So she put away her pretty crystals and took her idea to a manufacturer who’d been making tiny screws for the optical industry for decades.

“He was blown away! It was such a simple solution for such a common problem. And there was a huge hole in the market.”

Without another thought, Nancy went into production -- and manufactured 10,000 screws before she took the concept to a single store. And when she had her first samples, she called the editor of a popular optical magazine. He was so impressed with her idea, which she named the SnapIt Screw, he couldn’t wait to write about it. Three days later, her phone was ringing.

“I got a call from an optician,” the insightful inventor recalled, “who couldn’t believe what he was seeing. I was so excited that someone wanted to see my screw, I overnighted a package to him. He called again the next day and said he’d been trying to invent a tool that would make fixing eye glasses simpler for more than 35 years, but it never occurred to him to invent a new screw! He called his sales rep, who took it to the president of an optical distributor and five months later, they were selling my screw to opticians around the country.”

That partnership would eventually turn into a seven-figure licensing deal and an Award of Excellence from the American Optical Laboratories Association. But that was just the beginning. Once Nancy had the SnapIt Screw in the hands of opticians, her next step was to put her new product on store shelves.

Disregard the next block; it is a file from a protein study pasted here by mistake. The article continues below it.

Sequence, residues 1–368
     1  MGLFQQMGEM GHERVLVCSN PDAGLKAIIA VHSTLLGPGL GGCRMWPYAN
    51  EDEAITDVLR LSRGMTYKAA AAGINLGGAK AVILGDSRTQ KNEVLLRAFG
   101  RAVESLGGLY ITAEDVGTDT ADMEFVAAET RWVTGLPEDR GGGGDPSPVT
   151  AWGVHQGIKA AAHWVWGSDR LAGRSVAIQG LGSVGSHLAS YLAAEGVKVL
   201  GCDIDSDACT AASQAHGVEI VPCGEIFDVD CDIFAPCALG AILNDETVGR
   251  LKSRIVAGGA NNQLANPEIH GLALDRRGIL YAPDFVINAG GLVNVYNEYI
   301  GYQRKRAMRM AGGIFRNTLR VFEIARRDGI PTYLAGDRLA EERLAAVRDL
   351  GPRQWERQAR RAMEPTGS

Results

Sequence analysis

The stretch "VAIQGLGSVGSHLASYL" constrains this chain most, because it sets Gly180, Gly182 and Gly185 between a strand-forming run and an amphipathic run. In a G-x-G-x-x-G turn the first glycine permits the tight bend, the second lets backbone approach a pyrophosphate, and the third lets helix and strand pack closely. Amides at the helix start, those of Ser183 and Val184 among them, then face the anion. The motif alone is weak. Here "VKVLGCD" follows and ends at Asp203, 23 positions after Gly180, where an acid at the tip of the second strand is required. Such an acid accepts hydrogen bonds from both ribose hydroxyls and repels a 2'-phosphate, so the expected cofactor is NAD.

“I hired sales reps who assured me they were experts at bringing products to market -- but then my screw just became one of many things they had in their bag of tricks. I gave one of them $10,000 up front and never made a penny. The invention is the easy part. Bringing it to market is the real work.”

Slowly but surely, Nancy made her way into stores like Office Depot and Ace Hardware. But it was when she read about a contest -- a sort of American Idol for inventors -- that she really went to work. Walmart was looking for new products and created a competition called “Get On The Shelf," where consumers could vote for their favorites via social media or text.

“I became a complete pain in the ass!” Nancy laughed. “I sent messages on Twitter and Facebook and LinkedIn every day, reminding my friends to vote. I had people asking me not to email them anymore! But I was determined to win this. So I found a woman in Chicago who made costumes and I paid her $600 to make a giant screw. Then I bought airline tickets to New York for myself and my assistant, Alex.”